Posted to alt.music.polkas by Mike Matousek on 3/7/2007. Used by permission.
There may be some lessons to be learned from the ongoing, growing success of Tejano music.
By the way, for those unfamiliar with the term, Tejano literally means "a Texan of Mexican heritage." The term was applied to the Spaniards who settled what is now the Rio Grande Valley in 1749. Their original music used the flute, guitar and drum to play old melodies from Spain.In the 1850's, Poles, Czechs, and Germans migrated to Mexico and Texas bringing with them the Polka and the Waltz. After the Mexican revolution forced these former Europeans into South Texas, the Tejano musicians were exposed to the 2/4 (polka) and 3/4 (waltz) rhythms around the year 1910. They incorporated these rhythms and the use of the accordion to create their own "conjunto" music around 1920.
Over the years the music evolved as it incorporated new instruments, replaced the flowery Spanish lyrics with more contemporary Tex-Mex vocals, and even embraced Pop, R&B and Rock sounds from the 70's and 80's. By the late 1980's Columbia Records embraced Tejano music as a genuine commercial money-maker and the genre has been growing in recognition ever since, outpacing other major music forms as the Simmons Market Research Study clearly establishes. The cool thing is it still has its charm and is immediately recognized as a form of polka music. The key to its success appears to be its ability to adapt to the tastes of each generation of fans while maintaining its soul.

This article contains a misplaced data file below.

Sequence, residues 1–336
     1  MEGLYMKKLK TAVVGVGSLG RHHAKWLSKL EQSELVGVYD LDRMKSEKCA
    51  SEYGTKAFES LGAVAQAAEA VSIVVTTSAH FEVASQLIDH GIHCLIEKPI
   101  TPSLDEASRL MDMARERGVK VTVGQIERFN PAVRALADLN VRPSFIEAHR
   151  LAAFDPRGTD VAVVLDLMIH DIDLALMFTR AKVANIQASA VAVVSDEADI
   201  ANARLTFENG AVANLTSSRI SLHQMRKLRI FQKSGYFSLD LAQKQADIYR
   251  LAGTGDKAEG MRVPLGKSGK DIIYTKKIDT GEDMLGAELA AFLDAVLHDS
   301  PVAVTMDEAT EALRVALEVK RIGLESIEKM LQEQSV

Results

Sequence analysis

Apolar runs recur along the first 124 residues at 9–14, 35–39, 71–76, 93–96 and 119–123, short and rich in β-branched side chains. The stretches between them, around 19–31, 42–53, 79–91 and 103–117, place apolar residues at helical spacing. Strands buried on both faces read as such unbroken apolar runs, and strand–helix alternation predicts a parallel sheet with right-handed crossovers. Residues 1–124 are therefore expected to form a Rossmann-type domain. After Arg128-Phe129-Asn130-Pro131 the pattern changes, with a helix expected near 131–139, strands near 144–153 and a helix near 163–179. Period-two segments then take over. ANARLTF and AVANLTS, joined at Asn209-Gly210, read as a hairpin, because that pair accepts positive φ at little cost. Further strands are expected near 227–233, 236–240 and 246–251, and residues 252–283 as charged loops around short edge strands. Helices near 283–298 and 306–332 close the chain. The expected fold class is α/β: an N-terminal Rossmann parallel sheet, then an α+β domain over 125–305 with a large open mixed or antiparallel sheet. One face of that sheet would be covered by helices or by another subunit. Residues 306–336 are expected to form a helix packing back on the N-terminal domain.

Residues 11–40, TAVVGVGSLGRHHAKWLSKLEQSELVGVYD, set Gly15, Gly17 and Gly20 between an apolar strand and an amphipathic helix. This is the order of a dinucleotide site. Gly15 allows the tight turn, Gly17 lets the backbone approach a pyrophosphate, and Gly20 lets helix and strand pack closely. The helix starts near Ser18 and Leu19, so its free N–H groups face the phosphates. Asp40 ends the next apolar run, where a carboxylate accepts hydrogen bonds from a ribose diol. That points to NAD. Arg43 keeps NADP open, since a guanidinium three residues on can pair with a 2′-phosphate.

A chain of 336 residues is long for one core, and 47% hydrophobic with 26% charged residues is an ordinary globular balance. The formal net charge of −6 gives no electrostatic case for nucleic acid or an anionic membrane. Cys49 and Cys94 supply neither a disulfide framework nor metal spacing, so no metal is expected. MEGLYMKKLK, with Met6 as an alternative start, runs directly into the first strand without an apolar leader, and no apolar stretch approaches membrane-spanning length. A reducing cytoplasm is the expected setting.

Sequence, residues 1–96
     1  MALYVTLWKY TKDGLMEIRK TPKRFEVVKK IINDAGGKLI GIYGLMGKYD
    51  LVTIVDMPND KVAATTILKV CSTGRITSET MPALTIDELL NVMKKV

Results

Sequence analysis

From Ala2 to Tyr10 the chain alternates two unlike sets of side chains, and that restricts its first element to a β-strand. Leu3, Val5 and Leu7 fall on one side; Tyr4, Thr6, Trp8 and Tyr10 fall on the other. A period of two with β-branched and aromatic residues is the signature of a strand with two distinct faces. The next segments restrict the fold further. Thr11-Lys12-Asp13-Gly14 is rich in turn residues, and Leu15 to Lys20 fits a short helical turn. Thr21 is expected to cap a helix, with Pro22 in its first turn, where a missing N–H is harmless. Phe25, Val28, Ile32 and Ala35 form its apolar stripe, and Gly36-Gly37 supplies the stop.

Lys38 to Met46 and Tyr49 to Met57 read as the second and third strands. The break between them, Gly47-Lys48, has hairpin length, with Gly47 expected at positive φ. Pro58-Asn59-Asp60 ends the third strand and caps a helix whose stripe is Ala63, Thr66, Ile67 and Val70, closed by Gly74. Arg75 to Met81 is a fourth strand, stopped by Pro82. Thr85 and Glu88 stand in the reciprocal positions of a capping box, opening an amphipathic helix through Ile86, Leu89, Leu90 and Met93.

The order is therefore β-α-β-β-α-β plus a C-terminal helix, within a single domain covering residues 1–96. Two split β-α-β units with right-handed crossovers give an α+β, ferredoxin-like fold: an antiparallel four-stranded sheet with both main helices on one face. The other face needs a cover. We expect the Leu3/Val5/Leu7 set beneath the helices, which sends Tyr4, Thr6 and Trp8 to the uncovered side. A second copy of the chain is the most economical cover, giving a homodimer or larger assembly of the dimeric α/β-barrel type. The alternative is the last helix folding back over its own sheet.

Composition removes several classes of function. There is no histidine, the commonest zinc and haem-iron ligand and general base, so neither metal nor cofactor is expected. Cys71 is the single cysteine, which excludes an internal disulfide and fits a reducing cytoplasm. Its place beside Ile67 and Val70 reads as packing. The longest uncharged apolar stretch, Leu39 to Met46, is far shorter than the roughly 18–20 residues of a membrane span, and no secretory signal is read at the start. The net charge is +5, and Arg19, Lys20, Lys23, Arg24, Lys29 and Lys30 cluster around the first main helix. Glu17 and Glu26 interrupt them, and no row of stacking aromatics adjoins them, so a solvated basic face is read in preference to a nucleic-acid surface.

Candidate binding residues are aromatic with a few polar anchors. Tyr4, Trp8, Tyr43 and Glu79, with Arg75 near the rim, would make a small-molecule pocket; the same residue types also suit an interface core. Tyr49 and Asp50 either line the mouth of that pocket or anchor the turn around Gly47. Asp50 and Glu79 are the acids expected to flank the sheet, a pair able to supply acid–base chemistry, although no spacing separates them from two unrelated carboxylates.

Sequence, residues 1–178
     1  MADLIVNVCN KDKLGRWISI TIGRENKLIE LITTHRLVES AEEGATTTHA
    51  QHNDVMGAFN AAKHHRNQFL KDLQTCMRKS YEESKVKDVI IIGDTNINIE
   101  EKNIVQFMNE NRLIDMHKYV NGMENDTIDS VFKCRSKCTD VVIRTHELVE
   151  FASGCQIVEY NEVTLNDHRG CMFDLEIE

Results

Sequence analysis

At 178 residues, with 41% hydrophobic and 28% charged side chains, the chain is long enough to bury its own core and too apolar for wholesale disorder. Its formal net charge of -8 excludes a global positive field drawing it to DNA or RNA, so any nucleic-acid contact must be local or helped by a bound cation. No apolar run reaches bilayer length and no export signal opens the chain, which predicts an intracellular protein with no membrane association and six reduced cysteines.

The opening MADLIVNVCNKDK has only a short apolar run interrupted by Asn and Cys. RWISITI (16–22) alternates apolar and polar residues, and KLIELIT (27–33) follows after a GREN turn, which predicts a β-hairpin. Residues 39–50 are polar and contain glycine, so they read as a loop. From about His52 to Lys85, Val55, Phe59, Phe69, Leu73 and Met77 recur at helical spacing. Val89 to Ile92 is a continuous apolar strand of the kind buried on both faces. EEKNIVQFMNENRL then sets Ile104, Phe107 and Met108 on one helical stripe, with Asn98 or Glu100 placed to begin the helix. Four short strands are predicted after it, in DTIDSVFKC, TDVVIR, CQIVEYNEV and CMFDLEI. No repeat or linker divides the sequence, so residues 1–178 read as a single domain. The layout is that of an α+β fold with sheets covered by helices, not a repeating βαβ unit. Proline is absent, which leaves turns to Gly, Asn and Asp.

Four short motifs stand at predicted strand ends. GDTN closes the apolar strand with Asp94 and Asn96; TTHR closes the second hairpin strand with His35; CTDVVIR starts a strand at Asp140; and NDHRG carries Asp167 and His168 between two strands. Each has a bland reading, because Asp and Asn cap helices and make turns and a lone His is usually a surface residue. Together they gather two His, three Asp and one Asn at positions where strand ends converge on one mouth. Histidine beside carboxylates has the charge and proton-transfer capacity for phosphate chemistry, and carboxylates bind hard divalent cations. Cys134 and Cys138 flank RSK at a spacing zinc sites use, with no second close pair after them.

Historian Martin Leal of Brownsville I.S.D. comments, "Will Tejano
change? Of course it
will! Will it go out of style? No way!" He claims that
Tejano continues to be a culmination of "drinking songs, love songs, sad songs, and old dance songs." He declares "there will
continue to be Tejano music, because Tejano is music of the heart." Sounds
familiar, doesn't it? Perhaps Polka can learn a few things from her successful